Nothing Like The Sun

Toronto, ON, CA
Maple Leaf Garden
Sting Delivers Self-satisfying Show...

There he stands, fetching in his shirtless black suit. Sting in person and, lest he be blurred, his image is projected again on a massive screen above the Maple Leaf Gardens' stage.

Expertly directed camera crews capture every cavalier head toss and every meaningful smirk. Their purpose ultimately to exaggerate the already overstated.

Sting, let's not forget, is a star. His mission is to forge that indelibly on our psyches.

So we sit appreciatively in our seats while he envelops us in culture, playing the kind of music we know is good for us to hear.

The mid-tempo pop songs, textured with a smattering of jazz (managed only because of Branford Marsalis' seductive saxophone) seem to blurr the limiting lines of categorization. For that alone they deserve credit. Yet for Sting, credit is never enough.

'Nothing Like the Sun' bends over backwards to be intellectual. With Shakespearean quotes, feminist theoretics and well-bred polemics, Sting's master plan almost works.

There's just one thing wrong. His attitude.

He's a star and he knows it. How else could he dare perform such a self-satisfying show and get away with it. Hardly elevating the beat from the low-key offerings that dominate his latest album, 'Nothing Like the Sun', Sting is determined to play his favourites.

Only shouts of 'Roxanne' takes him back to his Police past during an encore. Yet, even that never made it beyond a dull roar.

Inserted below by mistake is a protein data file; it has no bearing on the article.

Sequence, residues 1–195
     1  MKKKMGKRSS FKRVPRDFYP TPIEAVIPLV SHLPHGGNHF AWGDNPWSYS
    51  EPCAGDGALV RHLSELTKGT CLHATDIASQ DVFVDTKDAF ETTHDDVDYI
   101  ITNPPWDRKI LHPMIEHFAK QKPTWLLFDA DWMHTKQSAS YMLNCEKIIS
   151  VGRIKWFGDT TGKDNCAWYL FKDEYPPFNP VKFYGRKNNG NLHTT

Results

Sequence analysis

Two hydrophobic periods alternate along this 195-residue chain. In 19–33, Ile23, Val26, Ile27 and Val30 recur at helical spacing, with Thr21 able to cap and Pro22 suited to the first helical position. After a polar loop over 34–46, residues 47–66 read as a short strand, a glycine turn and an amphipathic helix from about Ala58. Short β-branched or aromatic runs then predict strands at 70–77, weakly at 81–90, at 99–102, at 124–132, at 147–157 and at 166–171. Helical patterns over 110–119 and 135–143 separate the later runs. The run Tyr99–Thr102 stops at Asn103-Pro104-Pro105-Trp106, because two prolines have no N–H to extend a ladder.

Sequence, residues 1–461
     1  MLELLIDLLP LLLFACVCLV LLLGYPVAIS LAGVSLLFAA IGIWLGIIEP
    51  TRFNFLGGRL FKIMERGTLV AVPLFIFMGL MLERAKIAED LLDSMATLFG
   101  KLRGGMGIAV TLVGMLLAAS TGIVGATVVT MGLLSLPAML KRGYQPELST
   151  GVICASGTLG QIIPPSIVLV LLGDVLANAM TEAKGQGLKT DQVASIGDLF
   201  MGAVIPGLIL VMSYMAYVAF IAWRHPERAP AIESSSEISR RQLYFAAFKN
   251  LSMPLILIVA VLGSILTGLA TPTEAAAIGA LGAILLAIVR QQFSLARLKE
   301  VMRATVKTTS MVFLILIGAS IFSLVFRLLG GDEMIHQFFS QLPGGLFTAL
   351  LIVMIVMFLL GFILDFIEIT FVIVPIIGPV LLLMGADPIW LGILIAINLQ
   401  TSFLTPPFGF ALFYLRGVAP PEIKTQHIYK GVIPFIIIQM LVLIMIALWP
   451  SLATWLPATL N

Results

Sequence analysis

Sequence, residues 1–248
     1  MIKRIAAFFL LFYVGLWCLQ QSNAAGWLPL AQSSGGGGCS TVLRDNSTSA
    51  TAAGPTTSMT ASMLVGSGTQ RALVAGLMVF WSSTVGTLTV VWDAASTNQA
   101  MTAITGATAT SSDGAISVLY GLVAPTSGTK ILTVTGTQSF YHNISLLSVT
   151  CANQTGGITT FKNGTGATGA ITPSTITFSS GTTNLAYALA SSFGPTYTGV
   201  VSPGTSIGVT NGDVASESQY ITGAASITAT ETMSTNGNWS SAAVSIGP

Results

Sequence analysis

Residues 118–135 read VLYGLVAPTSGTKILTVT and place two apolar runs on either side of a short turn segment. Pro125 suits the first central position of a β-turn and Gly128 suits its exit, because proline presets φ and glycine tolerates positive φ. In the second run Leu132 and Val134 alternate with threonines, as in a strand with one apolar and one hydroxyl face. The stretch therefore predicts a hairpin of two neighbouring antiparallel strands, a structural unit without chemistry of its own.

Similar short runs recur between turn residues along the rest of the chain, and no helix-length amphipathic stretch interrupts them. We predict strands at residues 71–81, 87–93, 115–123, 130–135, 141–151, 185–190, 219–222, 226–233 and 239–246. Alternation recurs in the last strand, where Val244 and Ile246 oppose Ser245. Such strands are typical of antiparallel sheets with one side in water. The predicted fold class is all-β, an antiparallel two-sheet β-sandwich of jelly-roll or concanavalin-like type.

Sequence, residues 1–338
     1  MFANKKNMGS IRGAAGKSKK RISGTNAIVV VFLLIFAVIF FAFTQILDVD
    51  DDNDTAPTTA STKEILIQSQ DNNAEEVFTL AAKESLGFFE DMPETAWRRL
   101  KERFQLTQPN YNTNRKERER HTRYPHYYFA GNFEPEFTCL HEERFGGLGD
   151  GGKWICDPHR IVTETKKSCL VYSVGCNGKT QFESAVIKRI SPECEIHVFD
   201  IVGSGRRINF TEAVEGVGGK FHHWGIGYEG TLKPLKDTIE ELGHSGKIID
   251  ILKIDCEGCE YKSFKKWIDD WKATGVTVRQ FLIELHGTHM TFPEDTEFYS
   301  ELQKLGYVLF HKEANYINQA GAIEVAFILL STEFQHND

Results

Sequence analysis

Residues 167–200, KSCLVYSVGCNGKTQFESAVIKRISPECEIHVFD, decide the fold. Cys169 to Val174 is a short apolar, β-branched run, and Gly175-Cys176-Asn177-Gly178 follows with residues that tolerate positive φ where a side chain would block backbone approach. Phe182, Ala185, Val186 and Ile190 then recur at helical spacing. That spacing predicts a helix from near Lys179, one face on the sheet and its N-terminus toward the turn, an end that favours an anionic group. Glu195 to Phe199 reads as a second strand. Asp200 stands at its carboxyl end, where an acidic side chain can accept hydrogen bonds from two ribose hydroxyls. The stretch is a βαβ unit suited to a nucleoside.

That said, Sting delivers, despite himself.

His tenor voice is uniquely satisfying to the ear and his vocal diversions never dull. He has enough good sense (and money) to surround himself with an outstanding group of performers - Jeff Campbell on guitar, Mino Cinely on bass and Marsalis on saxophone.

(c) The London Free Press by Wendy McCann

He's still got that Sting...

Sting was hardly ever moody about being blue at the Gardens last night. Instead, he was the lively leader of a first-rate group performing jazzed-up funk and ska-flavoured pop. And Sting seemed to have as much fun delivering his musical messages as the 15,000 had receiving them.

Granted he was aware of his role as the thinking man of pop. But it was obvious, too, that the screaming female fans were loving him for more than his melancholy mind. So he nodded hello politely at first. And he followed that up, at various points in the two-hour show, with a few tambourine two-steps, a shake here and a bake there, and his very own stylised version of the Twist. Sting even managed a tumble across the stage, scoring a perfect ten on the scream-volume meter.

Still, there was more meat to the concert than Sting's motion. Sizzling selections from his latest album 'Nothing Like The Sun', and his previous solo effort 'The Dream Of The Blue Turtles', provided lots of reasons to get rhythmic. Even a few of the re-worked Police tunes had more bounce.

And if there were any doubts about what the night held, the opening number - the blistering Latino rocker 'The Lazarus Heart' - made the point. So did a soulful version of 'We'll Be Together', while a neatly woven combination of Englishman in New York and 'Sister Moon' featured Sting's ability to switch singing grooves and provided a great excuse to showcase one of Branford Marsalis' sultry sax solos.

Just as inspired were Kenny Kirkland's outstanding jazz piano attacks, and the full speed onslaughts of percussionist Mino Cinelu.